Now it’s time to configure the system. Edit etc/RT_Config.pm in your RT directory. (It’s often easiest to copy the complete sample configuration file etc/RT_Config.pm to etc/RT_SiteConfig.pm and comment out the directives you don’t need.) At the very least you should specify your domain name, database parameters and other mail settings, including $CorrespondAddress and $CommentAddress.
If you installed RT in a path off your DocumentRoot
, you need to create an alias for the path to the RT root, such as Alias /rt /usr/local/rt
, and a rewrite rule for the Location
directive in your Apache virtual host section. The RT Wiki (located at http://wiki.bestpractical.com/index.cgi
provides the example Apache configuration shown in Listing Three.
Alias /rt “/usr/local/rt/share/html”
Options ExecCGI FollowSymLinks
Allow from all
RedirectMatch permanent (.*)/$ $1/index.html
Additionally, you will need to specify your path for the $WebPath variable in etc/RT_SiteConfig.pm. Any time you change RT_SiteConfig.pm, you must “bounce” Apache by stopping and starting the daemon. (A simple restart will not load updated configuration files.)
RT in Action
Browse to your RT web interface and login with the initial username “root” and password “password.” Your first step is to click on “Preferences” in the upper right and change your password.
A good way to get familiar with RT is to begin creating sample tickets, queues, users, and groups.
Before you begin creating tickets, click on Configuration, then Queues, and get familiar with the different options you can set for each queue. For example, click on the Basics menu option to specify default reply address and priority behavior. Click on the Watchers menu option to select certain members to always review all ticket updates assigned to this queue. Click on Scrips then New Scrip to create custom notification actions for specific event types. You can also assign specific group and user permissions for each queue you create. The latter option allows you to setup access controls for an environment consisting of many departments and/or clients, giving each administrator the right to control the behavior of their assigned queues.
To create a new user and add him or her to a queue for creating and watching tickets, first click on Configuration, then Users, then New User, and fill out all of the appropriate information. Next, click on Queues, then select General, then User Rights. You should see the new user’s name on this screen. In the New Rights selection box, click on CreateTicket, OwnTicket, ReplyToTicket, SeeQueue, ShowTicket, and Watch, then hit the Modify User Rights button. The new user now has access to the General queue.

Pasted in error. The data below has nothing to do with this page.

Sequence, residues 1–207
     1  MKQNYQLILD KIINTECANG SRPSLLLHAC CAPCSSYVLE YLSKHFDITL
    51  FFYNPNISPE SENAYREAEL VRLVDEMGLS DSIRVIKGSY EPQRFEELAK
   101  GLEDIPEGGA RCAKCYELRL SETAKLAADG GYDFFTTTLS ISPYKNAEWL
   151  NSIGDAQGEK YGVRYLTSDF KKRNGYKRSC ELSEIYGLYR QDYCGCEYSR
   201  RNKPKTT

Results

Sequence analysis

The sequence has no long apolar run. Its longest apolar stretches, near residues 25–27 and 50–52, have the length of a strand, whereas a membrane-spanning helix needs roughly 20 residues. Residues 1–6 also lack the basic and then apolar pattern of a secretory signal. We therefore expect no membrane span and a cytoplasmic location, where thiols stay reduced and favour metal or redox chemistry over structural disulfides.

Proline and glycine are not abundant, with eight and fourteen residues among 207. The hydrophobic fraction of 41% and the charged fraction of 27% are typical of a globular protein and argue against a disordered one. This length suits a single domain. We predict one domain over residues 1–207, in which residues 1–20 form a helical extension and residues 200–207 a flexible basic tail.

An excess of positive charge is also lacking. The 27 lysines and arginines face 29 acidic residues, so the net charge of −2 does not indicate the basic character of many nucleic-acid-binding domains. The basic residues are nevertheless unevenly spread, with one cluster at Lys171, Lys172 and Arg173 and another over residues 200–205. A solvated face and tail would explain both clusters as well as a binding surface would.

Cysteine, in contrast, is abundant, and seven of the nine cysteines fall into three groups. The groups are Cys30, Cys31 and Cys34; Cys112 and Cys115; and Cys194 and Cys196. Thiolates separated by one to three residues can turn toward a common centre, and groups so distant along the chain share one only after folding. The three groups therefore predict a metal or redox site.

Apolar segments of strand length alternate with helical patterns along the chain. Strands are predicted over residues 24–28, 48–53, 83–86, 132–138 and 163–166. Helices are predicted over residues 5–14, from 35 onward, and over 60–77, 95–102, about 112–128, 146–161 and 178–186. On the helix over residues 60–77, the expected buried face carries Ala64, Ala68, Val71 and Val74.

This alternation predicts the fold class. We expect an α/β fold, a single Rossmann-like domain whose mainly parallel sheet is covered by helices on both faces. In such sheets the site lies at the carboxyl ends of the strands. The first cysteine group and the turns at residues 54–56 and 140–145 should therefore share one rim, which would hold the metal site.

To verify the previous step, logout out as the root user and log back in as the user you just created. You (the user) should be able to create a ticket in the General queue. Go ahead and click the button to create a new ticket.
The new ticket screen allows you to enter in a great amount of detail, including attachments, owner-assignment (if you have been given permission to assign an owner), priority, related ticket IDs and URLs, and even start and due dates. Enter a request description in the large text box and hit the Create button. If you’ve set up everything properly, you should be redirected to the newly created ticket, and the creator should have received an email containing the ticket details. If you’ve setup your mail alias properly, you should be able to reply to the ticket via email, and have the contents automatically appear as a follow-up to the previous entry.
The searching capabilities of RT are extraordinary. Rather than a simple text search, RT has included a full-featured Query Builder. Click on the Tickets menu item on the left column. The Add Criteria box features all of the available fields related to all tickets. As you can see, you can filter tickets by content, subject, queue, user, priority, and time; you can also cross reference different parameters. As you add a criterion, your equation is shown within the Query box on the right. Finally, you are also given the option to add/remove what columns appear on your result within the Display Columns box.
Where To Go From Here
As administrator, you will probably spend most of your time creating and managing users, groups and queues, not to mention training your customers and staff to use the RT system properly. Managing your email systems will also become an area of concentration as you expand into additional queues and integration with other monitoring systems. Because RT works flawlessly with most email systems, you can begin to see the power of sending service alert messages via RT rather than straight to a pager or email address. Or experiment with the freely-available instant messenger CPAN modules and build an RT interface for updating incidents via an IM client. With the advent of mobile IM clients for your cell phone, you can update tickets anywhere you go and keep track of those incidents with high priority.
As your colleagues begin to use the system on a daily basis, you will also experience the power of the query builder first hand. Analyzing trends and calculating your mean time to resolve incidents will become part of your daily and weekly regimen.
Michael Bordash’s company, IP-soft.net, provides managed IT services for Fortune 1000 companies. He is also the founder of InternetDJ.com. You can reach Michael at